Artes Liberales

"Liberal arts" redirects here. For the corporation, see Liberal Arts, Inc. For the 2012 film, see Liberal Arts (film).

The liberal arts (Latin: artes liberales) are those subjects or skills that in classical antiquity were considered essential for a free person (a citizen) to know in order to take an active part in civic life. In Ancient Greece this included participating in public debate, defending oneself in court, serving on juries, and most importantly, military service (slaves and resident aliens were by definition excluded from the duties and responsibilities of citizenship). The aim of these studies was to produce a virtuous, knowledgeable, and articulate person. Grammar, rhetoric, and logic were the core liberal arts. During medieval times, when learning came under the purview of the Church, these subjects (called the Trivium) were extended to include the four other classical subjects of arithmetic, geometry, music, and astronomy (which included the study of astrology). This extension was called the Quadrivium, and these well defined subjects originated during classical times. Together the Trivium and Quadrivium constituted the seven liberal arts of the medieval university curriculum. In the Renaissance, the Italian humanists, who in many respects continued the grammatical and rhetorical traditions of the Middle Ages, rechristened the old Trivium with a new and more ambitious name: Studia humanitatis, and also increased its scope. They excluded logic and added to the traditional Latin grammar and rhetoric not only history, Greek, and moral philosophy (ethics), but made poetry, once a sequel of grammar and rhetoric, the most important member of the whole group.[1] The educational curriculum of humanism spread throughout Europe during the sixteenth century and became the educational foundation for the schooling of European elites, the functionaries of political administration, the clergy of the various legally recognized churches, and the learned professions of law and medicine.[2] The ideal of a liberal arts, or humanistic education grounded in classical languages and literature, persisted until the middle of the twentieth century.

In modern times, liberal arts education is a term that can be interpreted in different ways. It can refer to certain areas of literature, languages, philosophy, history, mathematics, psychology, and science.[3] It can also refer to studies on a liberal arts degree program. For example, Harvard University offers a Master of Liberal Arts degree, which covers biological and social sciences as well as the humanities.[4] For both interpretations, the term generally refers to matters not relating to the professional, vocational, or technical curricula.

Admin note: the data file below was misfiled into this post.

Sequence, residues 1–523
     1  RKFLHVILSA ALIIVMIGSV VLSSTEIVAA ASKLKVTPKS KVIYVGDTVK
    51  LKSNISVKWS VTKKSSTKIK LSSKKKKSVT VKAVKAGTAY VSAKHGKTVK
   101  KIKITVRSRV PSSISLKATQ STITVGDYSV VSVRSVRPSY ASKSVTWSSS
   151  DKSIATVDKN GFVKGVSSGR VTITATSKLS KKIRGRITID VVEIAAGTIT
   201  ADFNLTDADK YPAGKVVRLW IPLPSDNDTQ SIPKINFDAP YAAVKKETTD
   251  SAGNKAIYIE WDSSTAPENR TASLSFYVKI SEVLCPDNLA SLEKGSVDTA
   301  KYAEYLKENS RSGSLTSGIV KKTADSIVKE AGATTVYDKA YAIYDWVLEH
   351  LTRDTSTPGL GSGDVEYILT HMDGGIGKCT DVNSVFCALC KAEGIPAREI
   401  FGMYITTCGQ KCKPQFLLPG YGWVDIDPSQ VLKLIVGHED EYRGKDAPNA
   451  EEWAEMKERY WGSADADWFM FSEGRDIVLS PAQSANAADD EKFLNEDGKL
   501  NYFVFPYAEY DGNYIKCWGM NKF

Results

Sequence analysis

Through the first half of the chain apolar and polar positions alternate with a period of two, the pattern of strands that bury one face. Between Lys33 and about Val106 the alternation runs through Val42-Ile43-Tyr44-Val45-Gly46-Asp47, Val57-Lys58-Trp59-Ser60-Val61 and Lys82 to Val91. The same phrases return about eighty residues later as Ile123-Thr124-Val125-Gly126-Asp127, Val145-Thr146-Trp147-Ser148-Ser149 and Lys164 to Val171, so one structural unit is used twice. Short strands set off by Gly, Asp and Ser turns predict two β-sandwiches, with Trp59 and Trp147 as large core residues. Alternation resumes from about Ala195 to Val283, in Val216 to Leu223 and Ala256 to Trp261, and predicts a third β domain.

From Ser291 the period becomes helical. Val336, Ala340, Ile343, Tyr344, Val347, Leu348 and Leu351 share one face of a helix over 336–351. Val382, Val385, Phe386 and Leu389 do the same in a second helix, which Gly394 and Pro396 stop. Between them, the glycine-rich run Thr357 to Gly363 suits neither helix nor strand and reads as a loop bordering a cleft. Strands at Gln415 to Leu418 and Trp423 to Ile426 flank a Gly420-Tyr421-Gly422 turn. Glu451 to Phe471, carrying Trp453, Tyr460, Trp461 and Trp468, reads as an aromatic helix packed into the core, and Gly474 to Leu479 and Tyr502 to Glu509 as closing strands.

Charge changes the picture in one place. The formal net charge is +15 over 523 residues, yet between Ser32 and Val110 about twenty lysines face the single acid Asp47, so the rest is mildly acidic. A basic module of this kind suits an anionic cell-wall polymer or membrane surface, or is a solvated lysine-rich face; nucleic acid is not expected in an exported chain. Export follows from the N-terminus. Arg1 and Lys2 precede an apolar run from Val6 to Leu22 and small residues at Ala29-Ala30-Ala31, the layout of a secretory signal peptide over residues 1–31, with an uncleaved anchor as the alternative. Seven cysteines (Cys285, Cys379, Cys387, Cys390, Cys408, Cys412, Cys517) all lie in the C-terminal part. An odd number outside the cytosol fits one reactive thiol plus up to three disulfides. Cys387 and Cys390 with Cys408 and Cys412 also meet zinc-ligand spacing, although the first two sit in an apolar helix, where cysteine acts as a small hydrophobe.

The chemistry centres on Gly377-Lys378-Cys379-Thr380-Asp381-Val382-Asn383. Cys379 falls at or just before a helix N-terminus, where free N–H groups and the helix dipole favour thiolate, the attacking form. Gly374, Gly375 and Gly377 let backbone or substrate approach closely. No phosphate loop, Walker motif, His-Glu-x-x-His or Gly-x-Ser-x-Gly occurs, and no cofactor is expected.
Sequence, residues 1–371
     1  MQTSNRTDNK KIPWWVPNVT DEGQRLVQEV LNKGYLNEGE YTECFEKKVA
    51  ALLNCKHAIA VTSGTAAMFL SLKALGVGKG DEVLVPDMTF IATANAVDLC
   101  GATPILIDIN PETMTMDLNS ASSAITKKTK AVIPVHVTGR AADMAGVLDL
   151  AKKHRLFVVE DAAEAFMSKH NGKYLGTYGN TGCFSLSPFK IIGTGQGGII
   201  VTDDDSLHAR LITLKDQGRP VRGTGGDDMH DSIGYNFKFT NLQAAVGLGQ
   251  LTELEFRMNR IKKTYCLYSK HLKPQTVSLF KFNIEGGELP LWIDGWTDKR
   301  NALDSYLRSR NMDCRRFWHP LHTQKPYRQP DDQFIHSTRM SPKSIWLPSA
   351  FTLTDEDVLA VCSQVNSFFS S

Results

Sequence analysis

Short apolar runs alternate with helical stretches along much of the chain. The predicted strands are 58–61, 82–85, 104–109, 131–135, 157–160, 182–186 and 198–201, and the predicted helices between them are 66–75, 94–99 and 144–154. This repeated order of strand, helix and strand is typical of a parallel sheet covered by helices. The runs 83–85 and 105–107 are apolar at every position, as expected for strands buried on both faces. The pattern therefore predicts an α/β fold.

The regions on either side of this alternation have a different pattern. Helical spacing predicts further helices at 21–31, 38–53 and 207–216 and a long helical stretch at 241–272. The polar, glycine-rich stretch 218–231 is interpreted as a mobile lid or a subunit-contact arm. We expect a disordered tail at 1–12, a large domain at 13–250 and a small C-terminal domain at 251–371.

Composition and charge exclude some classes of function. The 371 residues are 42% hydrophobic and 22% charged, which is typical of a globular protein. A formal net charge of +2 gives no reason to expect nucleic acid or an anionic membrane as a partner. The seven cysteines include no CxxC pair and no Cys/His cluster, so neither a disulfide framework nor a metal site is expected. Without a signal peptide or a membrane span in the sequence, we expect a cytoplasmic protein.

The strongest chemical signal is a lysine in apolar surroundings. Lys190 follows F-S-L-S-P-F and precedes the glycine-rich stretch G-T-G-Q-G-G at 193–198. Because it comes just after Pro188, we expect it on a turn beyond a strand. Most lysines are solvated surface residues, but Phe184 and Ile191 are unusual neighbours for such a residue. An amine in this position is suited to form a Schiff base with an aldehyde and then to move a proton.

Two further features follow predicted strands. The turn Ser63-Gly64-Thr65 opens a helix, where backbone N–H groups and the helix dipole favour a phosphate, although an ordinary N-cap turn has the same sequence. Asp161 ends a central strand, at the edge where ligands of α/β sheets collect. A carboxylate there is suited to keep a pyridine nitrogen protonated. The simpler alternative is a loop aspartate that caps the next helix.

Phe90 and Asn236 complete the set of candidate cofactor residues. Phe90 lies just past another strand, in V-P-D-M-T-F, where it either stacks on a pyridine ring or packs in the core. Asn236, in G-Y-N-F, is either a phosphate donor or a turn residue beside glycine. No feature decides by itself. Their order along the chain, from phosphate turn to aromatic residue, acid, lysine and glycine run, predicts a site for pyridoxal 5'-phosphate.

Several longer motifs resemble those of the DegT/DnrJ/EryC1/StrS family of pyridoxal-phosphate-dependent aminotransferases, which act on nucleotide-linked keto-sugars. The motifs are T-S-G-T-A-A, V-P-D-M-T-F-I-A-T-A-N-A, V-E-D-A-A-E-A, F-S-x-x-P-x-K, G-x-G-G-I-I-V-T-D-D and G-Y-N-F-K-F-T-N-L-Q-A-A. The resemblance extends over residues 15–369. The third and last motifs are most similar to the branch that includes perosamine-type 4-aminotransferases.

History

In classical antiquity, the "liberal arts" denoted those subjects of study that were considered essential for a free person (Latin: liber, "free")[5] to master in order to acquire those qualities that distinguished a free person from slaves - the latter of whom formed the greater number of the population in the classical world. Contrary to popular belief, freeborn girls were as likely to receive formal education as boys, especially during the Roman Empire—unlike the lack of education, or purely manual/technical skills, proper to a slave.[6] The "liberal arts" or "liberal pursuits" (Latin liberalia studia) were already so called in formal education during the Roman Empire; for example, Seneca the Younger discusses liberal arts in education from a critical Stoic point of view in Moral Epistle 88.[7] The subjects that would become the standard "Liberal Arts" in Roman and Medieval times already comprised the basic curriculum in the enkuklios paideia or "education in a circle" of late Classical and Hellenistic Greece.

In the 5th century AD, Martianus Capella defined the seven Liberal Arts as: grammar, dialectic, rhetoric, arithmetic, geometry, music, and astronomy. In the medieval Western university, the seven liberal arts were divided in two parts:[8][9]

  • the Trivium
  1. grammar
  2. logic
  3. rhetoric
  1. arithmetic
  2. geometry
  3. music
  4. astronomy, often called astrology; both modern senses were covered

Modern usage

Mathematics, science, arts, and language can all be considered part of the liberal arts. Some subsections of the liberal arts are trivium—the verbal arts: logic, grammar, and rhetoric; and quadrivium—the numerical arts: arithmetic, geometry, music, and astronomy. Analyzing and interpreting information is also studied.

Academic areas that can be associated with the term liberal arts include:

School structure